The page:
NLA approves 20-year national strategy

NLA approves 20-year national strategy

The National Legislative Assembly has voted unanimously to approve the National Strategy, with binding effect over the next 20 years and penalties for non-compliance.

After the 179-0 vote in favour on Friday, the strategy will be submitted for royal endorsement by the prime minister within 20 days.

Once royally approved, a drafting panel will be appointed in 60 days to prepare a master plan for each of the six strategic areas to achieve the goals set in the law within 120 days. The master plans will then be approved by the National Strategy Committee and then the cabinet.

The six strategic areas are security, competitiveness enhancement, human resource development, social equality, green growth and rebalancing and public sector development. 

On security, the key focuses are national security, keeping people happy, managing situations to ensure security, safety and order at all levels, as well as preventing and solving existing and future security challenges.

On competitiveness enhancement, the focus is on upgrading national potential on multiple dimensions based on three concepts.

“Building on the past” goes back to the roots and apply them to new economic and social environments. “Adjusting the present” paves the way to the future through infrastructure development in several dimensions. “Creating new values for the future” enhances the potential of operators to meet market demands.

On human resource development, improvements will be made at all levels and in all age groups so Thais will be good, competent and high-quality citizens for their country.

On social equality, the focus is on pulling resources from all sectors to steer changes and supporting people’s assemblies to mobilise ideas for public interests.

Steering environmentally friendly growth aims to build sustainable development in all dimensions.

Rebalancing and public-sector development aim to reinvent the public sector so it has the size that matches its missions and can adapt itself to the changing world. They will also instil a conscience which rejects all forms of corruption in all officials.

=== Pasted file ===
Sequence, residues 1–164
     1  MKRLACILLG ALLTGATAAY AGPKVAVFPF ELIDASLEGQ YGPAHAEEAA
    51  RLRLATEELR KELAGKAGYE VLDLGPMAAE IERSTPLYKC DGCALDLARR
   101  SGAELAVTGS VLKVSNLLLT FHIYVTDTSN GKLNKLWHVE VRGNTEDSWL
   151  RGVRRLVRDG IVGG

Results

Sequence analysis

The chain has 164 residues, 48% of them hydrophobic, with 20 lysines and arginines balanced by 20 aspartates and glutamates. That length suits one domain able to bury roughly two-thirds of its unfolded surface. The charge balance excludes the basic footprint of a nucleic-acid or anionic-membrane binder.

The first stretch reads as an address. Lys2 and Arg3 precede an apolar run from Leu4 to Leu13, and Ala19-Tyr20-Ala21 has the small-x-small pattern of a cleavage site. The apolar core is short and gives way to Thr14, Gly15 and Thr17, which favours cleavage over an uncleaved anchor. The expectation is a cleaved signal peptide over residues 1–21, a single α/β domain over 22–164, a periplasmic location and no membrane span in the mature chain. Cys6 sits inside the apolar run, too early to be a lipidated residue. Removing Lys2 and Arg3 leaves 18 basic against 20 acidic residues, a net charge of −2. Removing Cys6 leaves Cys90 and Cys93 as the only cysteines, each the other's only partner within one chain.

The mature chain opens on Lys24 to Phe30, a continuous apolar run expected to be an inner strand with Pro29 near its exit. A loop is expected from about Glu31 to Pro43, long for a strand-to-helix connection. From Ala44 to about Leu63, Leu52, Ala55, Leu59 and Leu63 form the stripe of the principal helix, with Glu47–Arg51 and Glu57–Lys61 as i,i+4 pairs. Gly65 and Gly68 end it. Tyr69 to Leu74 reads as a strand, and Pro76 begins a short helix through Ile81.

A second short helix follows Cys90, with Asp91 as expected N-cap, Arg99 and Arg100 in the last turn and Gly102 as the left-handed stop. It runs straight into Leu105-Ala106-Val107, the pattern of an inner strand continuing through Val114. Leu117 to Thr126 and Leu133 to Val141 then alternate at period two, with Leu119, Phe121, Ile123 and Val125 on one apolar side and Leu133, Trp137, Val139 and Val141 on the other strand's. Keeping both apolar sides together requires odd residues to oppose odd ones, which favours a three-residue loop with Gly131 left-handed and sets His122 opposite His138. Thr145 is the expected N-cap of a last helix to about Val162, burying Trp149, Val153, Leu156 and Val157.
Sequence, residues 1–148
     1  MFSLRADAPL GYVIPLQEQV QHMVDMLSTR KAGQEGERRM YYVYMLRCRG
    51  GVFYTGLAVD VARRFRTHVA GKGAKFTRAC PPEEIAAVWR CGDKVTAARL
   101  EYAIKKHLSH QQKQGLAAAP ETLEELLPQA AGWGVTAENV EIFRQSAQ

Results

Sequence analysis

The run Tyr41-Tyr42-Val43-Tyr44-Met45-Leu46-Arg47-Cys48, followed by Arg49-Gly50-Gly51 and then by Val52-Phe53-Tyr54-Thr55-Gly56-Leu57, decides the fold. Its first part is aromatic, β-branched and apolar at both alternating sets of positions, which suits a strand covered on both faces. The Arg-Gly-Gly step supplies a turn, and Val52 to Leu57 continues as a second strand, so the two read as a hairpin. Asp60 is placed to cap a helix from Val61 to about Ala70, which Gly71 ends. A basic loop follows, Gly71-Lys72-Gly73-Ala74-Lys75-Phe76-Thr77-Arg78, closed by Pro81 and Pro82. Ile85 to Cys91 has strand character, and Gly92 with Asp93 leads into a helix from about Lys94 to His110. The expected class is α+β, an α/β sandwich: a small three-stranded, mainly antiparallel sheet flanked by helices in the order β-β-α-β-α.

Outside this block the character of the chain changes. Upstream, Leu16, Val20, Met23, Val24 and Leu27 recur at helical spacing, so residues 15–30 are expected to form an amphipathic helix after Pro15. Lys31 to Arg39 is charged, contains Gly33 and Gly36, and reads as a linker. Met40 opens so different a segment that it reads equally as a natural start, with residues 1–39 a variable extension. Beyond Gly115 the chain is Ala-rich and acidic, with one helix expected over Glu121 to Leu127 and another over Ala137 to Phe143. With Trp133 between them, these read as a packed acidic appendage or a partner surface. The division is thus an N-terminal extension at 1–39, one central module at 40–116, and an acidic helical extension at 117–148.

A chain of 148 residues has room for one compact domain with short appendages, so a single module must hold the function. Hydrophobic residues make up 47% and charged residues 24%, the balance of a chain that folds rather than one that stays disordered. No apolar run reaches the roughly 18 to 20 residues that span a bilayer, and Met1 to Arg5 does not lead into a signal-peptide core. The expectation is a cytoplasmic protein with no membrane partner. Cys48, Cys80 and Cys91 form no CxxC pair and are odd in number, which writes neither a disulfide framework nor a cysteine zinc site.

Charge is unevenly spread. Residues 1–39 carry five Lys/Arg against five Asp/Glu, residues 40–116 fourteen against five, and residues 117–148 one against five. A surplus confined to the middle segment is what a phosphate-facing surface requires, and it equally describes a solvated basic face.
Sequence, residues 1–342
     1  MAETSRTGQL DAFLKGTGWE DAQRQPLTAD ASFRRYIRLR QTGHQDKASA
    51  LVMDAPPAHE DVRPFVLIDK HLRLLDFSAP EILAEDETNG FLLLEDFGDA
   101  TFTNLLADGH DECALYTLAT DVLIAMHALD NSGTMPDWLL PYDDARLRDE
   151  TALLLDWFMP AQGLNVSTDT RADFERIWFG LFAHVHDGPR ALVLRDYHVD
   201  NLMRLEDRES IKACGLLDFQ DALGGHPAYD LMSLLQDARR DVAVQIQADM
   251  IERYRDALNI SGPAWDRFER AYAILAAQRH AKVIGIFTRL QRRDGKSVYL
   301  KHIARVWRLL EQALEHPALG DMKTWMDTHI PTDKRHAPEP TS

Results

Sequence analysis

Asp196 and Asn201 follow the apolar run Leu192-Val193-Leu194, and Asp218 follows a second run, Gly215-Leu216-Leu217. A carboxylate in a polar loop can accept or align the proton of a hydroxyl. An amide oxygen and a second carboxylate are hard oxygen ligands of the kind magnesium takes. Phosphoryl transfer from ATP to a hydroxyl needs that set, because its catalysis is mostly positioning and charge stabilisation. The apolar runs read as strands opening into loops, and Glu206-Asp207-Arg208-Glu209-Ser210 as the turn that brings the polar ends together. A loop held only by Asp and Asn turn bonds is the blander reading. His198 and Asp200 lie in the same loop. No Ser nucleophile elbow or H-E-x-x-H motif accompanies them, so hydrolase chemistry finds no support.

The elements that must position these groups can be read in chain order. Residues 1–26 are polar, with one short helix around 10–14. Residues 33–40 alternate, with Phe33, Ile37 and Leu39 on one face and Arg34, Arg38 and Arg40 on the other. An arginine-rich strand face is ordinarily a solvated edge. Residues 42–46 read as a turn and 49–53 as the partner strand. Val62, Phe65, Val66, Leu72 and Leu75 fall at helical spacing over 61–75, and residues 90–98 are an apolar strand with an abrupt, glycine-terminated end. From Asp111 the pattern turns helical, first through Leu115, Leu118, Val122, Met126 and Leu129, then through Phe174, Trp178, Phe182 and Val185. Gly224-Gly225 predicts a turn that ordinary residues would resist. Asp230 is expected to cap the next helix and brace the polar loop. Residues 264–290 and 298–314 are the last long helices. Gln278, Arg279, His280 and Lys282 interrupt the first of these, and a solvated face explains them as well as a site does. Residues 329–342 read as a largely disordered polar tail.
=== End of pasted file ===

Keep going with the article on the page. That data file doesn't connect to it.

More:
All government agencies and public organisations must comply with the master plans and budget allocations must be in line with them.

Any policy proposed by a political party must be within the national strategic framework. A government’s policy statement or budget allocations must also be in compliance with it.

Compliance with the strategy will be monitored by the National Strategy Committee, which will inform the National Anti-Corruption Commission (NACC) if it sees a non-compliance. The NACC will then consider the case and if any agency is found guilty of malfeasance, its chief may face suspension from public offices or from position, expulsion or a jail term. 

Senators, who will be appointed by the junta shortly before the general election, are also tasked with monitoring compliance with the strategy. Since they serve a five-year term, a year longer than a government's, they will continue this duty under at least two governments. 

The national strategy will be reviewed every five years and may be changed when the situations at the global or national levels warrant it but a parliamentary review must be sought first.

The National Strategy Committee comprises the prime minister; speakers of the Houses and the Senate; a deputy prime minister or minister; Defence permanent secretary; chiefs of the armed forces, army, navy, air force and police; secretary general of the National Security Council; chairman of the National Economic and Social Development Board; heads of the Board of Trade, Federation of Thai Industries, Tourism Council of Thailand and Thai Bankers Association.


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